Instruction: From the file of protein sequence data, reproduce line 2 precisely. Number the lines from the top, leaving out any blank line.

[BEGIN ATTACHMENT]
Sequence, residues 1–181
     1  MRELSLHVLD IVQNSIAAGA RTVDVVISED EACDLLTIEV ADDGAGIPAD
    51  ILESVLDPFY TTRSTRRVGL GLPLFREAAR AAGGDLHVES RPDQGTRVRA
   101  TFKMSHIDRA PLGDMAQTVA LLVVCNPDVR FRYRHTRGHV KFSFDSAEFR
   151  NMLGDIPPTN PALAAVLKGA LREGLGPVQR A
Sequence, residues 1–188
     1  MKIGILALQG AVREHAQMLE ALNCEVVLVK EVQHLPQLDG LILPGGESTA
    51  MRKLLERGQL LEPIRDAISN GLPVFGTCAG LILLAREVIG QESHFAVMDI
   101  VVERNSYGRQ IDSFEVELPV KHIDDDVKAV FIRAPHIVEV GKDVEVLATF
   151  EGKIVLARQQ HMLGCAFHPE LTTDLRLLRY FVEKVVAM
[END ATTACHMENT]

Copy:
     1  MRELSLHVLD IVQNSIAAGA RTVDVVISED EACDLLTIEV ADDGAGIPAD